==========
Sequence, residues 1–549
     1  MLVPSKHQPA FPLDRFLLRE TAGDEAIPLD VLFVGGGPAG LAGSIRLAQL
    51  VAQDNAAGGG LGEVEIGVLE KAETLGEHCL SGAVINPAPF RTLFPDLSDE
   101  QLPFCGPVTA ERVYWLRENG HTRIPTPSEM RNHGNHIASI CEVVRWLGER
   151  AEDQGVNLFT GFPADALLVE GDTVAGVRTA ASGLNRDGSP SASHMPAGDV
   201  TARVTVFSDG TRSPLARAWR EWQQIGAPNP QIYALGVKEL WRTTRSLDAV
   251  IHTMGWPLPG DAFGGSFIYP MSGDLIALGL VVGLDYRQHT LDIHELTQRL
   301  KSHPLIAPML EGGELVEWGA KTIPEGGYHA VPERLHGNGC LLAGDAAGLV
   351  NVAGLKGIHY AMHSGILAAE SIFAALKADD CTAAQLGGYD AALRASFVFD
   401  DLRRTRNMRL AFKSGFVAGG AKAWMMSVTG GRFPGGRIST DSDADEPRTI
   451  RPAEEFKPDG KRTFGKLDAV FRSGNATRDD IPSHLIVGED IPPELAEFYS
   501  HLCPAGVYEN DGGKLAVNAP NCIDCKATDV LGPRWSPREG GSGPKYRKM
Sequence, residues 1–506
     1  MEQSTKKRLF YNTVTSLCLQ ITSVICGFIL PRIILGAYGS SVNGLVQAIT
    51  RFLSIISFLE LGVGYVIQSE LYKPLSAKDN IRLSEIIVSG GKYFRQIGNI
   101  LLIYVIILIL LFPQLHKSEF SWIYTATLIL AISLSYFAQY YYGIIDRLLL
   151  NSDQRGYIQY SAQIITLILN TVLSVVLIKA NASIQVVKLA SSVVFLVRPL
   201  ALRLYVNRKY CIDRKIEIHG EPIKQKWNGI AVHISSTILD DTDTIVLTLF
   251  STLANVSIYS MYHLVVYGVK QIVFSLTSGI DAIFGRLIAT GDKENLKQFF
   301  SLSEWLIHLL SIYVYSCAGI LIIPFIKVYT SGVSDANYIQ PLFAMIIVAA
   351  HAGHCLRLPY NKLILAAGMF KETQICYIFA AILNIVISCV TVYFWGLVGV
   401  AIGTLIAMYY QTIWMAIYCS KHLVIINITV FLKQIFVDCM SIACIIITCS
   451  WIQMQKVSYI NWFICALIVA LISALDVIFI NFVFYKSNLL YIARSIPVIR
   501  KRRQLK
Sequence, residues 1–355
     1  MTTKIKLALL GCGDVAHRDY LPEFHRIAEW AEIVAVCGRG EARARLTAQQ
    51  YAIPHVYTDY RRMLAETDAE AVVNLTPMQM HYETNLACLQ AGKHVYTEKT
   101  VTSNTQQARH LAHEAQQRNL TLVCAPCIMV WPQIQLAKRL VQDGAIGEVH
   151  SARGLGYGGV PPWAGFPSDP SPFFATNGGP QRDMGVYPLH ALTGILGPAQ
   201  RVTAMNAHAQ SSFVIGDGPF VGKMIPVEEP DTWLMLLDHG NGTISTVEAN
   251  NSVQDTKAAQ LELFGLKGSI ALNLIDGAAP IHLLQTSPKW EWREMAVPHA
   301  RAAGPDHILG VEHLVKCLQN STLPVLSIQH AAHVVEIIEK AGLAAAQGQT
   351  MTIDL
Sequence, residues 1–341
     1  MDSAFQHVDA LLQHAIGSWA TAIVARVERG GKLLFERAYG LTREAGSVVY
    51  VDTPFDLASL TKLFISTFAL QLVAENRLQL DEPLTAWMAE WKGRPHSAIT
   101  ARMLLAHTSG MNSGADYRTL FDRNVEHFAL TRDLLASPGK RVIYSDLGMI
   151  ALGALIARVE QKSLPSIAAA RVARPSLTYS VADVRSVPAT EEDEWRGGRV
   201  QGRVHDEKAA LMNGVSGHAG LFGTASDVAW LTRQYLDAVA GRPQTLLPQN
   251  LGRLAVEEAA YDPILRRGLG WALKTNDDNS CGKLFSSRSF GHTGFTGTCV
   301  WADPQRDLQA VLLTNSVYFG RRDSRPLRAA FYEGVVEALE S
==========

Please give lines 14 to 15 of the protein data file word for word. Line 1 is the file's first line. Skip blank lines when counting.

     1  MEQSTKKRLF YNTVTSLCLQ ITSVICGFIL PRIILGAYGS SVNGLVQAIT
    51  RFLSIISFLE LGVGYVIQSE LYKPLSAKDN IRLSEIIVSG GKYFRQIGNI